Does this mean so-called “literary” novels are impossible to get published? No; it just means it’s much harder. They’ll continue to get published because legacy publishers in this instance are the same as major film studios. Major film studios will put out 85 movies that appeal to the biggest audience demographic—teenaged boys—and the remaining 15 movies will be devoted to a mix of other kinds of films. Among those will be a couple of “artsy” movies. The ones that will be nominated for Golden Globes and Oscars. Most of which they know they’ll lose money on. Then why make em? Because, studios want to be thought of as intellectual, “arty” enterprises. Kind of an ego thing. They know most of what they produce is mindless schlock, but if they get an Oscar winner or even a nominee, they feel justified that they produce “art.” And, for the one movie that does get nominated or win, they’ll actually make money on it because of the publicity. It’s mostly a way for studio execs to feel good about themselves and be able to delude themselves into thinking that they’re actually engaged in quality work. Makes ‘em walk tall when they walk into Spagos.
Well, publishers do the same thing. For all the vampire novels selling in the bazillions, all the formulaic cartoonish novels about bigger-than-life vigilante superheroes, that maintain a healthy bottom line, they’ll all put out a few literary books that are published mostly because they’ll be up for the National Book Award, the Pulitzer, even the Nobel. For the same motivation as the film studios. So they can feel like they’re “literary” and providing “good literature.” Makes ‘em feel proud when they walk into the Russian Tea Room or Elaine’s or wherever they gather these days.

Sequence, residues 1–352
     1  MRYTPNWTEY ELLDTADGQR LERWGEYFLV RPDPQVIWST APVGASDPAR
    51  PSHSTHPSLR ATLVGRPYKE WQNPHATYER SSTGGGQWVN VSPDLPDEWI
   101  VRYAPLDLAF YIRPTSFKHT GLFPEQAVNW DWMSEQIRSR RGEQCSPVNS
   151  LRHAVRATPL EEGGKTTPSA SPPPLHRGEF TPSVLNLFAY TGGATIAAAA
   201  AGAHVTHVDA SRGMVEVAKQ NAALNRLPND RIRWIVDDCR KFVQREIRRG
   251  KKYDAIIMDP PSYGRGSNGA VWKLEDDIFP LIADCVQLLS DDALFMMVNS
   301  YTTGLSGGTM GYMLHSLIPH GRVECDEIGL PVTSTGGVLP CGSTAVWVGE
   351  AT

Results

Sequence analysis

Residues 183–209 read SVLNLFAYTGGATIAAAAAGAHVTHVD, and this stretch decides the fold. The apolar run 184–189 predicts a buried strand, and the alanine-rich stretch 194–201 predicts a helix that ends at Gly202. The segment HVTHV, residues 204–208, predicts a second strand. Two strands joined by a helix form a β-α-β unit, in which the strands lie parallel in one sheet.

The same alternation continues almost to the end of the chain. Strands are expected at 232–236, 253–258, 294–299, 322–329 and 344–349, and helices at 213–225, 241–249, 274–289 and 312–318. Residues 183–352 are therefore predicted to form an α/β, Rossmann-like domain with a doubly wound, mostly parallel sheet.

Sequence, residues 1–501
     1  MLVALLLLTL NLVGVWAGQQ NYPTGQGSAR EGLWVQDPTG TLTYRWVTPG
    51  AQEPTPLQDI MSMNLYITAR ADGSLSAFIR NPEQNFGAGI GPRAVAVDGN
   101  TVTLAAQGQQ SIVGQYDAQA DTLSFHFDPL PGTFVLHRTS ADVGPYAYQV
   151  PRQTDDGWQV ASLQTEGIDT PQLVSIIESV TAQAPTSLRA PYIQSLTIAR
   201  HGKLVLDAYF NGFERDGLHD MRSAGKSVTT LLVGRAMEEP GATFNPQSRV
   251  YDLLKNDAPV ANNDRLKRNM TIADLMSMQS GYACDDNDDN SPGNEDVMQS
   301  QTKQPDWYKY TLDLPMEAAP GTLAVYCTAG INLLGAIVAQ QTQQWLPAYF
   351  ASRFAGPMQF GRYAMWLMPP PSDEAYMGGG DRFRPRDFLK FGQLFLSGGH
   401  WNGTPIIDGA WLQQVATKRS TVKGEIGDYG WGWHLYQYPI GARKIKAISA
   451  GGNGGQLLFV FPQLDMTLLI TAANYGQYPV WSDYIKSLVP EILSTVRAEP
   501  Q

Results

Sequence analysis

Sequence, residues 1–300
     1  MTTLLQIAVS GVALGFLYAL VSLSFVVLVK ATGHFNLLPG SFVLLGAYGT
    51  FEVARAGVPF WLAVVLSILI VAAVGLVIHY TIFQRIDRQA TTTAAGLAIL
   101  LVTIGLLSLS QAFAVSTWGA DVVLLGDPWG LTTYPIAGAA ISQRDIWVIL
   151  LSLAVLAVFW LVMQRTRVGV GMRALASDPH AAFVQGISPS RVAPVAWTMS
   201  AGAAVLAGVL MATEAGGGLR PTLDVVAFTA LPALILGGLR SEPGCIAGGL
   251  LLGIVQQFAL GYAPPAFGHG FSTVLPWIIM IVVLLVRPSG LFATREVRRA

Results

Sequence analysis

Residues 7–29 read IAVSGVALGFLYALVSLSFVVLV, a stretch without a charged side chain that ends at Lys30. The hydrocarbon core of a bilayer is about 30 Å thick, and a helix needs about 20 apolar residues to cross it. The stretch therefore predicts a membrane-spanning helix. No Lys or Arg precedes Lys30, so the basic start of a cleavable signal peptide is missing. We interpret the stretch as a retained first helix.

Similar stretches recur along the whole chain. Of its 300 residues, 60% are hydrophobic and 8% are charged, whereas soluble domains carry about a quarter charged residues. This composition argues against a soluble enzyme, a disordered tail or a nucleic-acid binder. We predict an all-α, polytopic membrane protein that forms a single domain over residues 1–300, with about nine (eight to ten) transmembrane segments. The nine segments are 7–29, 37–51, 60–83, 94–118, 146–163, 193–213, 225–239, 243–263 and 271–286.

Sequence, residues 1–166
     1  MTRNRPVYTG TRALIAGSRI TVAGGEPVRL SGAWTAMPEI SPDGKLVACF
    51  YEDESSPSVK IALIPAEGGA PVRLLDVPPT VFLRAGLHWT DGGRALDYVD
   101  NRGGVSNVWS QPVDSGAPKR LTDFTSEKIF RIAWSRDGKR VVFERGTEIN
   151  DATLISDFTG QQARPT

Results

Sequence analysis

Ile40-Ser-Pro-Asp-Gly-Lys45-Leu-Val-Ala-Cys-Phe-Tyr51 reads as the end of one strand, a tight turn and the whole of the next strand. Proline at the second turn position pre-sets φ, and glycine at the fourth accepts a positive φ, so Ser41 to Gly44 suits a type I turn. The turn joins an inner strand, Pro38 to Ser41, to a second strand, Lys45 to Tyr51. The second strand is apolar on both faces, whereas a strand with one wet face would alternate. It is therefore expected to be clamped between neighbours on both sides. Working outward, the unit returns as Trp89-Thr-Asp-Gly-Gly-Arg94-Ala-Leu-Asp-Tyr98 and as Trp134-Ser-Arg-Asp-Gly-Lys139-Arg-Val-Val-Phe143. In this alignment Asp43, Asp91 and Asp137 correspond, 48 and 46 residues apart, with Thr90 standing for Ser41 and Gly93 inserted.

Am I cynical? You bet.
What are the things that have remained the same? Well, the legacy publishers still employ the best gatekeepers in the business. If you get published by a legacy publisher, you’ve achieved something. You’re truly validated by people who actually know something about quality in writing. If you self-publish, your validation is going to come from your relatives, friends, and how effective you are at marketing, for the most part. Sales seem to be the biggest factor in ebook publishing and sales are a poor barometer of quality. For example, there is an author who was, at best, a mid-list author when he was being published by legacy publishers—his work is truly mediocre, at best—who has become a huge marketing success since he opted for self-publishing. He’s making lots of money—and that’s fine—but his work is still godawful. If sales are your measure of success, he’s a good model to emulate. If being regarded as a good writer is your measure, he’s probably not the guy whose bust you want gracing your mantel. There’s a reason he went to self-publishing and it has to do with writing ability. His sales ability is off the charts. His writing ability is… what’s the word?… oh, yeah… pure do-do.
There are other changes and other things that remain the same, but those are some of the biggest.